There are genetic differences that may contribute to slight differences in blood pressure response to sodium and potassium intake. These genetic differences may vary among races. They may explain the difference among races in the diseases resulting from a poor sodium potassium ratio, such as hypertension and stroke. There are studies showing a higher rate of hypertension and stroke in African-Americans than in Caucasian Americans. Does a difference in the sodium potassium ratio explain the racial difference in hypertension, stroke and death rate? The study to be discussed today looked at the sodium potassium ratio of the diets of African-Americans and Caucasian Americans to see if the ratio explained the differences.
Sodium Potassium Ratio Study
In the publication (1) to be discussed, the researchers looked at the REGARDS study participants to look for a reason for racial differences in the United States in stroke. More African-Americans than Caucasians suffer strokes. Some studies have found that African-Americans get more sodium and less potassium in their diet. The researchers sought to find out whether this was the reason for the increased prevalence of salt sensitive hypertension and strokes in African-Americans.
The researchers looked at whether the dietary ratio of sodium to potassium (inverse of the potassium to sodium ratio that we prefer) was associated with the racial differences in salt sensitive hypertension, stroke and death. They used data from the REGARDS study. The researchers in the REGARDS study restricted participants to people who were older than 45 years of age at enrollment into the study. They collected data from history, physical examination and blood tests.
In addition to this data, the researchers in the present report phoned the participants, did home visits to measure blood pressure and to deliver a self-administered food questionnaire, which the participants filled out. The questionnaire was a food frequency questionnaire from which the researchers estimated the sodium and potassium intake. They followed the participants for a mean follow-up period of 4.9 years. The researchers obtained follow-up concerning health status, hospitalizations and death every 6 months during this period.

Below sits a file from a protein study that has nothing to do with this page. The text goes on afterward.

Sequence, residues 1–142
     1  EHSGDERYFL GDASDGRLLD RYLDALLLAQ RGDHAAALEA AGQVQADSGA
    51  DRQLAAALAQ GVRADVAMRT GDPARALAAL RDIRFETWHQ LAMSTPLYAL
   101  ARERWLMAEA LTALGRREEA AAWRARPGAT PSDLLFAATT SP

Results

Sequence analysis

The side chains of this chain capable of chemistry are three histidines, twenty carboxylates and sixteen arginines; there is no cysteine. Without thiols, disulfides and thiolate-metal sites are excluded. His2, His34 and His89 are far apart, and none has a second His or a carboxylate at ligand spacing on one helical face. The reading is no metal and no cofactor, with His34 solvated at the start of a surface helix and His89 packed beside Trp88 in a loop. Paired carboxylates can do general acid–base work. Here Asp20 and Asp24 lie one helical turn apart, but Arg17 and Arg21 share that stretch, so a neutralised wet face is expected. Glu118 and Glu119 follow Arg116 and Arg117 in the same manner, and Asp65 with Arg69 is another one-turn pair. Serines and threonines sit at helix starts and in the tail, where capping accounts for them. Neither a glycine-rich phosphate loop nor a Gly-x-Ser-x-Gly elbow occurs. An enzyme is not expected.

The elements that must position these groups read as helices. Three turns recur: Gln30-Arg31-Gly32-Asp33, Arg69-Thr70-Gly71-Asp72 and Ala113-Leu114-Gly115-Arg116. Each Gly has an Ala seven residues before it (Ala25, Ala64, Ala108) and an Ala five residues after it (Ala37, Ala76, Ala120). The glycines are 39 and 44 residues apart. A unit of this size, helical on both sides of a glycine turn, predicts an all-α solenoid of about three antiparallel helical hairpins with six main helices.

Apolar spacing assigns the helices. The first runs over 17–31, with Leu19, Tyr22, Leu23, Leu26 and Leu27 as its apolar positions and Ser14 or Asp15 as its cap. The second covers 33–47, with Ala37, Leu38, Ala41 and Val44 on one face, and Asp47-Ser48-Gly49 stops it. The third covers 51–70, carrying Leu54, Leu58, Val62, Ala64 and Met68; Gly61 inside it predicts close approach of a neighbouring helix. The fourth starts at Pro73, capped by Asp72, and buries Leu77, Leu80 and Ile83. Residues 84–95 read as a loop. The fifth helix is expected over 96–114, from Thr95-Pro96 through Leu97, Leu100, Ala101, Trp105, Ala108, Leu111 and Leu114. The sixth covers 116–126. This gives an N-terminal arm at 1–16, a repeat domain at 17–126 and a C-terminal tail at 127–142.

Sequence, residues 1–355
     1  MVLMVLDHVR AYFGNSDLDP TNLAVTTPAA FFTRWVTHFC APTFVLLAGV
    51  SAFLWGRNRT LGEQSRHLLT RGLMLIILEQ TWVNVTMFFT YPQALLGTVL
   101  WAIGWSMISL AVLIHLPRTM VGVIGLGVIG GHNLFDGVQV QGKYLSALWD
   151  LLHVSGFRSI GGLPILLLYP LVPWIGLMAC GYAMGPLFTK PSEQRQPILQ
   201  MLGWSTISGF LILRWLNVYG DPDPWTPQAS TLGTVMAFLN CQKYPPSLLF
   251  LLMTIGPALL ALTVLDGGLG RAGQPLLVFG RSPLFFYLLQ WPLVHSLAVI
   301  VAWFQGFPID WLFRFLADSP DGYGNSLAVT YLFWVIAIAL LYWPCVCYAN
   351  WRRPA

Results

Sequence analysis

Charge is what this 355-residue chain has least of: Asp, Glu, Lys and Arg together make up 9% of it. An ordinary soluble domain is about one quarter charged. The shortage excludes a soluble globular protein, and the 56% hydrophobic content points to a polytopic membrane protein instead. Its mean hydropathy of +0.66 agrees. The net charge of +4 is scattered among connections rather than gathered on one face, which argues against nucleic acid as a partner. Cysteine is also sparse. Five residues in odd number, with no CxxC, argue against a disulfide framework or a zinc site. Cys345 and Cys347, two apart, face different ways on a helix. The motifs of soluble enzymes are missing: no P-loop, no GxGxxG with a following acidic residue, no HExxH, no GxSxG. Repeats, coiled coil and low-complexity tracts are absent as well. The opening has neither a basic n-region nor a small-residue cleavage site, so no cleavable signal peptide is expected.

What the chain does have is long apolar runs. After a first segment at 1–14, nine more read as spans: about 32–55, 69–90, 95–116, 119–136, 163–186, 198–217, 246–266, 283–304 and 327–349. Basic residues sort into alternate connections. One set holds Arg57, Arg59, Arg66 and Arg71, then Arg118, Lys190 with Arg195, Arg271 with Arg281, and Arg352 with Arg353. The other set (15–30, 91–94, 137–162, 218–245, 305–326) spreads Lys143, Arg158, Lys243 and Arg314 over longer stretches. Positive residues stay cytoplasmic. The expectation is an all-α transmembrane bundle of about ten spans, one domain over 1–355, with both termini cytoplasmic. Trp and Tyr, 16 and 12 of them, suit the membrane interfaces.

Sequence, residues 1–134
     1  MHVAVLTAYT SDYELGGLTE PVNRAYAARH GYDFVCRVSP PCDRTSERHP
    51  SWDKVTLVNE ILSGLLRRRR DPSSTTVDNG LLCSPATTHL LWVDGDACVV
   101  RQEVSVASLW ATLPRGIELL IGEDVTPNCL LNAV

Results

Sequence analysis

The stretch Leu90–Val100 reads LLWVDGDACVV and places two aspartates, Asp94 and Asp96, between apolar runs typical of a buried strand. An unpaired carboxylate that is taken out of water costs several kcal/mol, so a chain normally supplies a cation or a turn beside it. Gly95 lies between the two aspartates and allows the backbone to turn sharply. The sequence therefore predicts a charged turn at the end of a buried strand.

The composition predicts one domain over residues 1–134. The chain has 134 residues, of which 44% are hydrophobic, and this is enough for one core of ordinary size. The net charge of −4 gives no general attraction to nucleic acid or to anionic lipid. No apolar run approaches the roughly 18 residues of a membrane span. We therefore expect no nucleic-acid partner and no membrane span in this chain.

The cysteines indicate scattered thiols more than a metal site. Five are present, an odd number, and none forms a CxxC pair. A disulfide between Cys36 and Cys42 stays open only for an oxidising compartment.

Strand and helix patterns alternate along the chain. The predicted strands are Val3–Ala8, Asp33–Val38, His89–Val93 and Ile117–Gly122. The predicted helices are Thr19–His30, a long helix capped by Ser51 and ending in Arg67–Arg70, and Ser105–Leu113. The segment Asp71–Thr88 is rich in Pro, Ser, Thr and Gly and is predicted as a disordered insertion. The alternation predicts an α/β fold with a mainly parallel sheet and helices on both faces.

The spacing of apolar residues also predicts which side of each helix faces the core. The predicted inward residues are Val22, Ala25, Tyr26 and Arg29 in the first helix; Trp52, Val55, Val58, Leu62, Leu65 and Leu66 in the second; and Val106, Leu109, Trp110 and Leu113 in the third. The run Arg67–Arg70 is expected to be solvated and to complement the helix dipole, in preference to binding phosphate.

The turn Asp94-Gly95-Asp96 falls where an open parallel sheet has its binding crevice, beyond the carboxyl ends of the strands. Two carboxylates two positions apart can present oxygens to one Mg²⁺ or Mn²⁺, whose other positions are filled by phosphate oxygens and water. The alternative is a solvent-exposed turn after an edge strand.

The original participant group had 30,000 participants, but this was reduced to just over 21,000 participants. A participant was eliminated if the food frequency data was not complete enough to evaluate or if the participant had an extremely high energy intake. The researchers divided the study population along racial lines and gender lines, and then into 5 groups based on the sodium potassium ratio.
Findings About Diet
The sodium potassium ratio of the diet was similar for blacks and whites in all 5 groups. In the lowest ratio group both races had approximately the same ratio of sodium to potassium, 0.56 (1.8 potassium to sodium ratio) for blacks and 0.57 (1.75 K:Na) for whites. In the highest ratio group blacks had a ratio of 1.36 (0.74 K:Na) and whites had a ratio of 1.18 (0.85 K:Na).
Findings About Disease
The researchers were able to show a significantly increased risk of death for both racial groups as the sodium potassium ratio increased. The highest ratio group had a 52% higher risk of death than the lowest ratio group. There also was an increased risk of stroke for both racial groups, but the increase did not reach significance. The highest ratio group had a 29% higher risk of stroke than the lowest ratio group.